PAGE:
Headless Raspberry Pi Zero W setup with SSH and Wi-Fi
Got your first Raspberry Pi? Missing a mini-HDMI adapter, or micro-usb keyboard?
Raspberry Pi’s are capable of running just like any computer, full displays and window management, keyboards and mice, but you probably don’t intend to set one up on your desk and leave it there.
More than likely your intent is to use it for a motion-sensitive webcam, IoT device or intelligent adapter or controller.
Once you have your Raspberry Pi setup and deployed, remote management will be required, SSH will be ideal, and you probably didn’t want to install an extra 2.7GB worth of window management anyway.
Here’s what we’ll cover:
- Download Raspbian latest
- Format your MicroSD card
- Write the image to your MicroSD card
- Mount the image
- Enable SSH
- Configure Wi-Fi
- Gracefully eject your MicroSD card
- Boot your Raspberry Pi
Before we begin, it’s worth noting that the steps I’ll cover are primarily for OS X, however, most of the steps only require small adaptations for other operating systems.
Step 1. Download Raspbian Latest
The latest image of Raspbian is available from
Step 2. Format your MicroSD card
You’ll want to use a MicroSD card that you can erase for the rest of these instructions. Disk Utility won’t cut it here, however there is SD Card Formatter available from
Choose “Overwrite Format” and specify a new name for the card, for this example I called it “RaspberryPi”.
Step 3. Write the image to your MicroSD card
These steps are relatively well documented in the Raspbian installation guide, follow the instructions here for your preferred host OS.
My take on the OSX instructions (10.12 Sierra in this case) were straightforward, diskutil list will list connected media, you’re looking for something like /dev/disk#.
$ diskutil list
$ diskutil unmount /dev/disk#
$ sudo dd bs=1m if=/path/to/raspbian-jessie.img of=/dev/disk#
This is all that was necessary for me, however the instructions were extensive and provide workaround for issues that I didn’t encounter. Once the image is written, the boot partition should immediately become available, however, the root partition will not if you’re running OS X.
Step 4. Mount the image
Now that you have the image written to the MicroSD card, you’ll need to mount it before you can customize it. This is where things get a little awkward. OS X doesn’t support Ext filesystems, and needs a little extra help.
FUSE for macOS (or osxfuse) can help us mount the filesystem, I previously had osxfuse installed to mount AWS S3 buckets, but the installation should be straight forward.
With osxfuse installed, we now need to install fuse-ext2 which will help us mount EXT2/EXT3/EXT4 filesystems. The setup instructions are relatively straight forward, you may not already have an /opt/gnu/bin folder, so you may need to create that first.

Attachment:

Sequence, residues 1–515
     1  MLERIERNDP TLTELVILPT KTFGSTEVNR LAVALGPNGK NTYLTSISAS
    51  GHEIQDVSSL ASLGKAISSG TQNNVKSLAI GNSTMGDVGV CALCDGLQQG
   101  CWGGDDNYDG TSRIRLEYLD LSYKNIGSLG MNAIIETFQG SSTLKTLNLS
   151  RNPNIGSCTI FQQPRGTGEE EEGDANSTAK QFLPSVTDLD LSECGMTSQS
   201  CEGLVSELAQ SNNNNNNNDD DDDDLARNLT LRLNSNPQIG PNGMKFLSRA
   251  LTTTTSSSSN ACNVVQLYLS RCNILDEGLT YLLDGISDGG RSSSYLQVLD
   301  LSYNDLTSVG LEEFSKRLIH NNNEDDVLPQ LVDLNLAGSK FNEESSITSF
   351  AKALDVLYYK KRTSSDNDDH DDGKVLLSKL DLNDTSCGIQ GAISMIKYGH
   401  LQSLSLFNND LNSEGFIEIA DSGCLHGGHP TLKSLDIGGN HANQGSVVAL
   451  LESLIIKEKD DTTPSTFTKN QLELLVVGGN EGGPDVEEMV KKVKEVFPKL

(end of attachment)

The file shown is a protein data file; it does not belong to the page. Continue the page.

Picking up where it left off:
Additionally, during the e2fsprogs steps, I may suggest symlinking the files from /opt/gnu/lib/pkgconfig to /usr/local/lib/pkgconfig rather than copying them to make future cleanup easier.
Step 5. Enable SSH
Assuming you named your boot partition RaspberryPi (as I did above):
$ touch /Volumes/RaspberryPi/ssh
Enabling SSH is as simple as that, Raspbian will look for a file named ssh on the boot partition at startup and will enable sshd, which by default is disabled.
Step 6. Configure Wi-Fi
With Step 4 complete, and your root partition mounted under /Volumes/Raspbian, we’ll need to update the wpa_supplicant.conf with a network preconfigured.
Edit /Volumes/Raspbian/etc/wpa_supplicant/wpa_supplicant.conf and add your network to the end of the file:
After editing, the file should look something like:
Step 7. Gracefully Eject your MicroSD card
osxfuse will want to hold onto that mounted filesystem, you’ll need to find the process (Activity Monitor, or ps aux) and kill the process, you should then be able to eject from Finder.
Step 8. Boot your Raspberry Pi
Insert the MicroSD card into your Raspberry Pi and connect it to power. If all of the above steps went well, it should start up, enable sshd, automatically connect to your wifi.
The Raspberry Pi should pick up an IP address from your local DHCP server, so you’ll either need to guess the IP, or use your router admin interface to list the connected clients.
Pro-tip: If you’re using an Apple Airport, option-double-click on your Airport in Airport Utility to view the list of connected clients.
Once you’ve got the IP address of your fresh Raspberry Pi, you’ll be able to access it via ssh, the default password is raspberry:
$ ssh email@example.com
The programs included with the Debian GNU/Linux system are free software;
the exact distribution terms for each program are described in the individual files in /usr/share/doc/*/copyright. Debian GNU/Linux comes with ABSOLUTELY NO WARRANTY, to the extent permitted by applicable law.
SSH is enabled and the default password for the 'pi' user has not been changed.
This is a security risk - please login as the 'pi' user and type 'passwd' to set a new password.
Congratulations on setting up your Raspberry Pi! Don’t forget to change your password!
Edit: Ok, one last step. Adding the ssh file to the boot partition is only temporary, the file is removed on startup and sshd won’t start on subsequent startups.